What ultimately happened to the jar of manna? Just before the Babylonian conquest, the Midrash reports that the Ark was hidden in a secret cave under the Temple and that “hidden with it were the bottle containing the manna, the bottle containing the sprinkling water, the staff of Aaron, with its almonds and blossoms, and the chest which the Philistines had sent as a gift to the God of Israel” (Talmud Yoma 52b).

Copyright © 2015 NJOP. All rights reserved.

Common Miracles

Look at the world around you and appreciate common miracles.

Wednesday, January 28, 2015

Blood is Life

January has been labeled National Blood Donor Month, making it an ideal time for Jewish Treats to reflect upon Judaism’s special attitude toward blood.

God called the very first human being Adam (aleph-daled-mem). While the most obvious connection is to the Hebrew word adama (ground -aleph-daled-mem-hey), it cannot be ignored that Adam is also connected to dam (blood - daled-mem). When the Torah states (Deuteronomy 12:23) that “Blood is life,” one cannot help but reflect on how clearly this is implied in the very name of humankind.

The technology of blood transfusions was not available at the time of the Talmud. However, the sages did live in the era when bloodletting was considered an effective treatment, both as a cure and for prevention. In fact, a large portion of page 129 of tractate Shabbat is dedicated to the care one must take when being bled. In these dictums, one can already find many of the practices that are commonly used by blood donors today. For instance:

“Rav and Samuel both say: ‘One who has been bled should wait awhile and then rise’...Samuel said: ‘The correct interval for bloodletting is every 30 days.’”

Jewish thought makes very clear that blood is life and that people must recognize the life-affirming power of blood. For instance, one is not allowed to consume blood as food or drink, and if one deliberately sheds the blood of wild animals or fowl when slaughtering for food, the blood must be covered as a sign of respect.

Since human blood cannot be consumed, one might ask whether blood transfusions are permitted. The answer, simply, is yes. One may both give and receive blood transfusions because Judaism puts the utmost importance on preserving life. For those who need it, Ezekiel’s words: “By your blood shall you live” (Ezekiel 16:6) has some very literal implications.

This Treat was last posted on January 23, 2012.

Sign Up

Discover your nearest blood donation center and, if you are able to, register to give blood.

Tuesday, January 27, 2015

Uprising at Auschwitz

January 27th, which has been designated International Holocaust Remembrance Day, was the day on which Auschwitz was liberated 70 years ago. The Auschwitz-Birkenau complex was a place of great terror. In the course of its far-too-long existence, there was only one armed attempt at a revolt.

The uprising, which took place only three months before Auschwitz was liberated, was organized by the Sonderkommandos, special units of (mostly Jewish) prisoners designated to work within the Nazi killing machine. They worked in the selection area, the gas chambers, the crematoriums, etc. The Sonderkommandos not only suffered the psychological horror of assisting the Nazi genocide plan, but being a Sonderkommando was a guarantee of their ultimate non-survival. To ensure that their forced assistants would never be able to bear witness to the atrocities, each Sonderkommandos unit was killed when they outlived their usefulness to the Nazis.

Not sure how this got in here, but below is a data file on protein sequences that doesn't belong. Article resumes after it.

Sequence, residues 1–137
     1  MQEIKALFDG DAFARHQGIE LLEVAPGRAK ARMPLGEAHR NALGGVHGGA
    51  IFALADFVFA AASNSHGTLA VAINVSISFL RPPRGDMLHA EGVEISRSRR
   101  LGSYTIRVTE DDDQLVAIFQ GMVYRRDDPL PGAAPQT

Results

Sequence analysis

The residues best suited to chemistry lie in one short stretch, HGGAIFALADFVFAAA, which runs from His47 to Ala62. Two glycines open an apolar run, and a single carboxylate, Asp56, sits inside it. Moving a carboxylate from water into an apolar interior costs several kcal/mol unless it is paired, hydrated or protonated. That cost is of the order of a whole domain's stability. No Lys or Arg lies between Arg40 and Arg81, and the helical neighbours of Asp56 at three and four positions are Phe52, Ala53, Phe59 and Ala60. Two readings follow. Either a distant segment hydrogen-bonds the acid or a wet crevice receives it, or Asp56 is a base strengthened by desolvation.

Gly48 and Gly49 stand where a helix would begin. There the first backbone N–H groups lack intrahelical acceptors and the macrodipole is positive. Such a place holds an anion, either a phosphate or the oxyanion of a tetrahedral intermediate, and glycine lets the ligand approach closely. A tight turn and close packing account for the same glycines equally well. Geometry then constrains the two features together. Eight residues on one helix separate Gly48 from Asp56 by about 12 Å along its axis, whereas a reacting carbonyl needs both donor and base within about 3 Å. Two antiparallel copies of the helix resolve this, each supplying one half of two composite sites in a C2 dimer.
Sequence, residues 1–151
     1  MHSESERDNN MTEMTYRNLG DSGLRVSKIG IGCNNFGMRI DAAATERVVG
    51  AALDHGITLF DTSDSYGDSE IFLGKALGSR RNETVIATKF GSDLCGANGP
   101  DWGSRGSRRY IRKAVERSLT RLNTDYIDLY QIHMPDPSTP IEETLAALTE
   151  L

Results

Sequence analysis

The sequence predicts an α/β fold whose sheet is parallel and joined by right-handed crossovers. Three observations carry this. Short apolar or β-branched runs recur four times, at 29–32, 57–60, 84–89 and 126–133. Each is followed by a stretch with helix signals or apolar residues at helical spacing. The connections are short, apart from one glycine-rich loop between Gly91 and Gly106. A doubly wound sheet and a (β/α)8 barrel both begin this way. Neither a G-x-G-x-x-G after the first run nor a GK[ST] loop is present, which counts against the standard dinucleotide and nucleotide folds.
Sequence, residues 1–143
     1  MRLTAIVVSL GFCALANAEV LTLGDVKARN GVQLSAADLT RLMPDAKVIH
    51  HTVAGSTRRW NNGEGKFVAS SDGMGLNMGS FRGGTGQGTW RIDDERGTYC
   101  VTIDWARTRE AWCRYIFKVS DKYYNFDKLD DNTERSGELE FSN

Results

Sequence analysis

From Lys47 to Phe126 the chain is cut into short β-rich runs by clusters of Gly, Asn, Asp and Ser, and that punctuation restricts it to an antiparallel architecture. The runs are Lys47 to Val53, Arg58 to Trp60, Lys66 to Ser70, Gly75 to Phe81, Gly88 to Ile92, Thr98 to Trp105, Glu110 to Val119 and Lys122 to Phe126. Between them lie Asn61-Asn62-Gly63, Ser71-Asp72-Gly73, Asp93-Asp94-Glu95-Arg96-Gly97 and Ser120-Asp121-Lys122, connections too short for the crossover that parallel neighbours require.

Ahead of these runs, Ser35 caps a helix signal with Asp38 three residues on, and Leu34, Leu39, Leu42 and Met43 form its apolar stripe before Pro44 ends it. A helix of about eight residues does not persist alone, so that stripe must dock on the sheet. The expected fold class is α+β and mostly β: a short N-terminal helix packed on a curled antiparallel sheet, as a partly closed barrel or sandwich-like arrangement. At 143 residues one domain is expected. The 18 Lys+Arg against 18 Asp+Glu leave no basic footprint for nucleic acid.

By the summer of 1944, the number of prisoners arriving in Auschwitz slowed, so the Nazis decided that it was time to thin the number of Sonderkommandos. That September, 200 members of Sonderkommando Unit 12 were executed. However, the organization of the revolt had already begun and the remaining Sonderkommandos of the unit proceeded to revolt. Several women working in the munitions factory had been smuggling tiny amounts of gunpowder to the Sonderkommandos, and outside rebels passed in small weapons and instruments such as insulated wire-cutters.

On the afternoon of October 7th, the uprising began at Crematorium 1, and the overseer was disarmed and pushed into the oven. A gun fight ensued, and the Sonderkommandos in Crematorium 3 and 4 joined the fighting. The rebels of Crematorium 2 began cutting through the wire fences, allowing prisoners to escape. While the revolt was quickly subdued, the Sonderkommandos had managed to irreparably destroy Crematorium 4, and some prisoners had managed to escape.

The Nazi vengeance was intense and brutal. The Sonderkommandos who survived the initial firefight approximately 200 - were summarily executed. Five of the gunpowder smugglers were captured and tortured. Three weeks before liberation, the women were hanged. Twelve days later, the Nazis forced around sixty thousand prisoners on the infamous Death March, less than two weeks before the Soviets arrived to liberate the camp. Fifteen thousand prisoners died on this march, just a few days before liberation.

Copyright © 2015 NJOP. All rights reserved.

Memorial

If there are Holocaust survivors in your family, make sure to take down their stories for posterity.

Monday, January 26, 2015

Before Michigan